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SCOTUS Ruling on DACA and DAPA: Justice Delayed Once Again for Immigrant Workers

Court ruling on anti-immigrant lawsuit points to the need for comprehensive immigration reform, says Union President

ScotusDAPA_0122Washington, D.C. – As the Supreme Court suspends President Obama’s executive actions on immigration, the United Food and Commercial Workers International Union (UFCW), America’s largest private sector labor union, released the following statement:

“Immigrant workers are by far the most likely group to face gross exploitation on the job and we all know that when one worksite is dangerous, the standards for working people everywhere get worse,” said UFCW International President Marc Perrone. “Today’s decision means thousands of hard-working men and women will have to continue living inside a broken immigration system that forces them all towards an uncertain future.”

The Supreme Court’s ruling maintains the legal standoff that has kept the administration from implementing a deferred action program that would allow certain undocumented Americans to apply for work authorization and protection from deportation. These executive actions, however limited, would have provided immigration relief for over five million undocumented workers.

BACKGROUND:

  • Through the Union Citizenship Action Network (UCAN), the UFCW provides union members and staff the critical tools needed to go through the naturalization process and become U.S. citizens and to navigate deferred action immigration programs.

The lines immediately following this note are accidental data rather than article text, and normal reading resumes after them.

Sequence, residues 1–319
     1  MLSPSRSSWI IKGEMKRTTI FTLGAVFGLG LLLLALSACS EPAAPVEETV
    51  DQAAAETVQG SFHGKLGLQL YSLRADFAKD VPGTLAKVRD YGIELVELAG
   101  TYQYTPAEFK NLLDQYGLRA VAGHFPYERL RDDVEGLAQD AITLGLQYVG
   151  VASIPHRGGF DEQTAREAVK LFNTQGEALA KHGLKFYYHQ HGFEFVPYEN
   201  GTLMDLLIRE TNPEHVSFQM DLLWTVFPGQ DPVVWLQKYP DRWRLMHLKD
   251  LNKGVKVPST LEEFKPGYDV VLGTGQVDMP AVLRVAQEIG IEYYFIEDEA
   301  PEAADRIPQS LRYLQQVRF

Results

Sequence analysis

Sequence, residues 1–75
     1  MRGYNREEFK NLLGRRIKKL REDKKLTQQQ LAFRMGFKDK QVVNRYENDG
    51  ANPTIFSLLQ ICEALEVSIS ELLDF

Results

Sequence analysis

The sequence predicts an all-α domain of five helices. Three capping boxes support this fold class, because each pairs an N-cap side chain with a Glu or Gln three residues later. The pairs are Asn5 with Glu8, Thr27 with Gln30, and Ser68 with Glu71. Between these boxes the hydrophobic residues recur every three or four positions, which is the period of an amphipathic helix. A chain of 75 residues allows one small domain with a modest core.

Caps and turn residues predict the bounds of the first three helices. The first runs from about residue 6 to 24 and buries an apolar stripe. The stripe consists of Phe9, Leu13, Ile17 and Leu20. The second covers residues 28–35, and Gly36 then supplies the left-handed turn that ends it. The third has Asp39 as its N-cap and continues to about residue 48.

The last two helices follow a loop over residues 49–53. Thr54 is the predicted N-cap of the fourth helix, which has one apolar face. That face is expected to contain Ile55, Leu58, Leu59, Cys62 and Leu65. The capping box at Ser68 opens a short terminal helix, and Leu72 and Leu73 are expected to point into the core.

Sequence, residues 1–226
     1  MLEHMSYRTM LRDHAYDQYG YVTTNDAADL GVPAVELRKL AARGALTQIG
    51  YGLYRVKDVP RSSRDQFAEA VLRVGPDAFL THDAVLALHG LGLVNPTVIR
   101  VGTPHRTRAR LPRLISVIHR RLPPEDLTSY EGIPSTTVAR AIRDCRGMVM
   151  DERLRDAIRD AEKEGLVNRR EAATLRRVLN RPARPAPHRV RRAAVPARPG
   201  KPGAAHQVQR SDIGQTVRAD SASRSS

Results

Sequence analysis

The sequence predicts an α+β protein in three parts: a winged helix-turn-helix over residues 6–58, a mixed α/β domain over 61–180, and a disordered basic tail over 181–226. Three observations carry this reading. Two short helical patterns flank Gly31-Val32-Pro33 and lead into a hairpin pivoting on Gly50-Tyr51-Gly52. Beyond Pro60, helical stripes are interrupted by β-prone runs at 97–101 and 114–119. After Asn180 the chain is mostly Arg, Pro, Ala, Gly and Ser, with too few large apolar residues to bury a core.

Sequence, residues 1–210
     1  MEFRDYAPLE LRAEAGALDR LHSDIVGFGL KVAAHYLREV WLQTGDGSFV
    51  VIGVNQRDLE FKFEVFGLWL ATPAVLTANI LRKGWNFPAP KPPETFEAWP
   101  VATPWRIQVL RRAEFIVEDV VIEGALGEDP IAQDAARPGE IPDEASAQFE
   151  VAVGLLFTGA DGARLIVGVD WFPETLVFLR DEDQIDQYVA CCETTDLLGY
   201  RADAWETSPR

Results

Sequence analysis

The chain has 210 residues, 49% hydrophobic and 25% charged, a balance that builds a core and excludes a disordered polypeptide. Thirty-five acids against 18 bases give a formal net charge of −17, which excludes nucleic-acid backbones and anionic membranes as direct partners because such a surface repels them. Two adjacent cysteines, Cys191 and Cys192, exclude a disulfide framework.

• Over 630 UFCW members have become U.S. citizens, saving them over $1.3 million in fees related to the naturalization process.
  • Over 60 UFCW members have become DACA recipients and over 40 members have received other immigration assistance.
  • The UFCW has trained over 1,000 volunteers, including UFCW members, local union staff, community volunteers, school teachers, and members of other unions on the requirements for naturalization and deferred action immigration programs.

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UFCW is the largest private sector union in the United States, representing 1.3 million professionals and their families in grocery stores, meatpacking, food processing, retail shops and other industries. Our members help put food on our nation’s tables and serve customers in all 50 states, Canada and Puerto Rico.

Learn more about the UFCW www.ufcw.org

As the Equal Pay Act Turns 53, More Needs to Be Done to Address the Gender Pay Gap

fb-2058-teal-textOn June 10, 1963, President Kennedy signed the Equal Pay Act into law. “This act represents many years of effort by labor, management, and several private organizations not associated with labor or management, to call attention to the unconscionable practice of paying female employees less wages than male employees for the same job. This measure adds to our laws another structure basic to democracy. It will add protection at the working place to women, the same rights at the working place in a sense that they have enjoyed at the polling place,” President Kennedy said.